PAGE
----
In ancient times (also known as 2007), Pedro Azevedo, Bruce Bodger, and Keith Casey were members of the dotProject team. For a variety of reasons ranging from the mundane to the fundamental, Pedro began to strike out on his own. In a matter of days, he realized that he needed more stress in his life, so he recruited Bruce and Keith to join up in the effort. Fast forward a few months and the forked dotProject code – now known as web2project – began to take shape.
At that point, we set some priorities for the project:
- Regular and predictable releases are vital to the health of the community, we should have at least two each year;
- Bugs and feature requests should be reviewed, evaluated, and prioritized regularly;
- Frequently Asked Questions should be considered indicators on where we should simplify or clarify the system;
- The community should be open with clear expectations for behavior while encouraging constructive criticism; and
- Features and functionality should be driven primarily by input and involvement from the community.
The first changes (v0.9.7) were a new look and feel, some major cleanup to the underlying database configuration, and a permissions caching system for better performance. The following year saw fits and starts in development and we stalled at v0.9.9 for a few months. Then in 2009, something happened and everything began to move. By April our v1.0 Release Candidate was live. By June 2009, v1.0 was released.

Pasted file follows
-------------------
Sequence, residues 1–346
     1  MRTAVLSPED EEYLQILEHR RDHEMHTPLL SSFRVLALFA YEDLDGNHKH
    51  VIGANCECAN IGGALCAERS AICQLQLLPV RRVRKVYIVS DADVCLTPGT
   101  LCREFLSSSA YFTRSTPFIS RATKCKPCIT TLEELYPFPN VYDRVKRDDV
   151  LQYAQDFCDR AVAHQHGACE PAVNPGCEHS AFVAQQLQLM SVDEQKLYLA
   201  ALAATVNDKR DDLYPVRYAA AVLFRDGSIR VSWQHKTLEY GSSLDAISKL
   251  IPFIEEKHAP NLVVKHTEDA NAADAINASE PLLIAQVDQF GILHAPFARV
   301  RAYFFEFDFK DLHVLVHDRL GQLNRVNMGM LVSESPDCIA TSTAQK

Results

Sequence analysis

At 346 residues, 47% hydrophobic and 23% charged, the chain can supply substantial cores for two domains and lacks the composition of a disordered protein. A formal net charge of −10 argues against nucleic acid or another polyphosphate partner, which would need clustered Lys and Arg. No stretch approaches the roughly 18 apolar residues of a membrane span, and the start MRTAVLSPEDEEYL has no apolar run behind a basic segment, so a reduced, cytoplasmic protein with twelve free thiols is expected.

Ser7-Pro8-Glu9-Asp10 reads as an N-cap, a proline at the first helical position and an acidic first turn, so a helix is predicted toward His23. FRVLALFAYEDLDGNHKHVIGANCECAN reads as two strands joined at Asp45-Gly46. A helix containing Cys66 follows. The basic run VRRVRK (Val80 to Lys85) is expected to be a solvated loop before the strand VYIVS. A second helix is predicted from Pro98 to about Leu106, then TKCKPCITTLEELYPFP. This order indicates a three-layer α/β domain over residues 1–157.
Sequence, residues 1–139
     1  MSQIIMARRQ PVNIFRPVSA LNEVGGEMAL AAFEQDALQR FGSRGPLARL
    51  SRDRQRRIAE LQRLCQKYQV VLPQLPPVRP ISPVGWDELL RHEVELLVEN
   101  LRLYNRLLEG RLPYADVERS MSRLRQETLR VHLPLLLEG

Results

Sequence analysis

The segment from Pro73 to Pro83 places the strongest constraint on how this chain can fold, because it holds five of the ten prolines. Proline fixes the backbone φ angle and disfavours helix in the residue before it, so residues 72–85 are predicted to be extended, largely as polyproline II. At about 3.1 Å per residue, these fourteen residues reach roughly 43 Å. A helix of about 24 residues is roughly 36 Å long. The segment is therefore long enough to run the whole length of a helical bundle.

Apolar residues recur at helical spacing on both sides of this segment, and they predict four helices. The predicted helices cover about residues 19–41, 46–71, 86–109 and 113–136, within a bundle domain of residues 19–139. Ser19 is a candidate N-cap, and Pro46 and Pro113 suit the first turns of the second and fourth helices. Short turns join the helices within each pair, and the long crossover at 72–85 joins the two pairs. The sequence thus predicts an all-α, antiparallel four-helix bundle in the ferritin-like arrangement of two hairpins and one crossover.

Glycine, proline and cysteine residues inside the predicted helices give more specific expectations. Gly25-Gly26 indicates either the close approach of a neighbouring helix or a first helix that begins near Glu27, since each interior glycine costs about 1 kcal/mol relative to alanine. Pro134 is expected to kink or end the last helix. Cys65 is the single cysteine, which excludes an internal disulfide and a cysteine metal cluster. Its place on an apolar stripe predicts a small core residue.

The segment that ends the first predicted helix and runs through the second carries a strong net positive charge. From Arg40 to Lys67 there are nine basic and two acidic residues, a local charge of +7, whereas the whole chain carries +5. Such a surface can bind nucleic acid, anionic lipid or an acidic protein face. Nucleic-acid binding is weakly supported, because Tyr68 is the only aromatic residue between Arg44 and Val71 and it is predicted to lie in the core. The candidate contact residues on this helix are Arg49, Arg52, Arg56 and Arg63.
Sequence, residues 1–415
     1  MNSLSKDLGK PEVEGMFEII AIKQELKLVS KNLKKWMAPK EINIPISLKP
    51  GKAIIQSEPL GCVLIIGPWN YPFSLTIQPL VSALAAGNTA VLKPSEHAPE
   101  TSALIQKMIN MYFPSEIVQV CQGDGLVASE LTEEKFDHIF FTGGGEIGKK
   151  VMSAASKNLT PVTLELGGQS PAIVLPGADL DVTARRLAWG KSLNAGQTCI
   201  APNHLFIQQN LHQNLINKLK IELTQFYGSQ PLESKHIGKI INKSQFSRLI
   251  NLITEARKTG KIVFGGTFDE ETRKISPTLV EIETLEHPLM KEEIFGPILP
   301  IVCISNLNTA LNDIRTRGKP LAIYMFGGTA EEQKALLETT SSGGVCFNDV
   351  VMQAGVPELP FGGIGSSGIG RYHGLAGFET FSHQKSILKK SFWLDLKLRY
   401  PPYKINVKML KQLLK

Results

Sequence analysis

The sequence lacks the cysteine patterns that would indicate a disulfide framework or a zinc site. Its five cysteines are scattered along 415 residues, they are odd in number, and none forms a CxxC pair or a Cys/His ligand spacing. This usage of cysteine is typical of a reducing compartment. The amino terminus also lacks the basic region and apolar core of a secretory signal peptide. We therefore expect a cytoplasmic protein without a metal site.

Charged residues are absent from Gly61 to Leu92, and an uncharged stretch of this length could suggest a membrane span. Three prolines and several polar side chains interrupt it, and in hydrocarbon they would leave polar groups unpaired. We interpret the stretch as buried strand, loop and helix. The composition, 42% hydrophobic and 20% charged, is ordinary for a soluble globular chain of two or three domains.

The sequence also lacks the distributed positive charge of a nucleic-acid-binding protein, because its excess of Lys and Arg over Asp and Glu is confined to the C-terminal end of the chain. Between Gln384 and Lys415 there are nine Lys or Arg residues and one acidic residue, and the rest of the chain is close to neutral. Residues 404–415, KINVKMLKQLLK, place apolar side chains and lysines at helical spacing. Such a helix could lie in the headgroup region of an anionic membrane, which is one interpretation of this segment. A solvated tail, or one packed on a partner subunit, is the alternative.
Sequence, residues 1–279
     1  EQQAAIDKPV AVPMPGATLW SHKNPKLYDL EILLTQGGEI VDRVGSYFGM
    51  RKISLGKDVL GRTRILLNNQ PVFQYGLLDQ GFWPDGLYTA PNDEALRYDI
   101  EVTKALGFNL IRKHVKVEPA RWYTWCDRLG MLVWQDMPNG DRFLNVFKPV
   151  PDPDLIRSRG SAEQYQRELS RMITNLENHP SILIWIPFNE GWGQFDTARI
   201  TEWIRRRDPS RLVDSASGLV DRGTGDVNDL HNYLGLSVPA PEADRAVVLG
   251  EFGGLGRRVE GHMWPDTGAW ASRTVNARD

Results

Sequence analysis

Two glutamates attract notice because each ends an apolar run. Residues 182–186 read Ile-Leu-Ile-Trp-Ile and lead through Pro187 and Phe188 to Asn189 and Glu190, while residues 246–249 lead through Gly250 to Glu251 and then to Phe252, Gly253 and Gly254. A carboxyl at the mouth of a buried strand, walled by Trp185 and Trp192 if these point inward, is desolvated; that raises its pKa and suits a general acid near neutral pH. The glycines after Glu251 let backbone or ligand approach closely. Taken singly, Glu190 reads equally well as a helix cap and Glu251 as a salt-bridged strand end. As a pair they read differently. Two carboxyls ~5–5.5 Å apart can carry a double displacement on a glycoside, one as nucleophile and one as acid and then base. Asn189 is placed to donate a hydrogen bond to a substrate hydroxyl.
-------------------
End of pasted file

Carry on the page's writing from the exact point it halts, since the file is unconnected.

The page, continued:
Towards our statement of purpose, we took a number of steps:
- We have committed to a regular and predictable release cycle – we make a Major Release each year (June) and a Minor Release each quarter ;
- Every bug is reviewed, triaged, and categorized according to its own criticality, its dependencies, and the current release ;
- We have a formal policy and procedure on how community members are evaluated for possible team membership and the expectations that follow;
- Every commit is available in a variety of places – forums, a mailing list, GitHub, and Sourceforge – and we actively encourage Code Reviews to get feedback, criticism, and insight that we may not have/discover by ourselves.
Just prior to the v1.0 release, Keith met Trevor Morse at php|tek 2009. Trevor made the mistake of singing the glories of Unit Testing large legacy codebases and – within a month – wrote a simple testing setup and over 40 tests of varying complexity. In the following month, he shared more and more with the team and just a few weeks later, Trevor had earned his spot on the team. To date the Unit Testing effort has discovered and eliminated numerous oddities and bugs in hidden dark corners while improving the overall stability.
So where are we going next?
Our Project Roadmap is going live this quarter, but why not join the forums and help plot the course?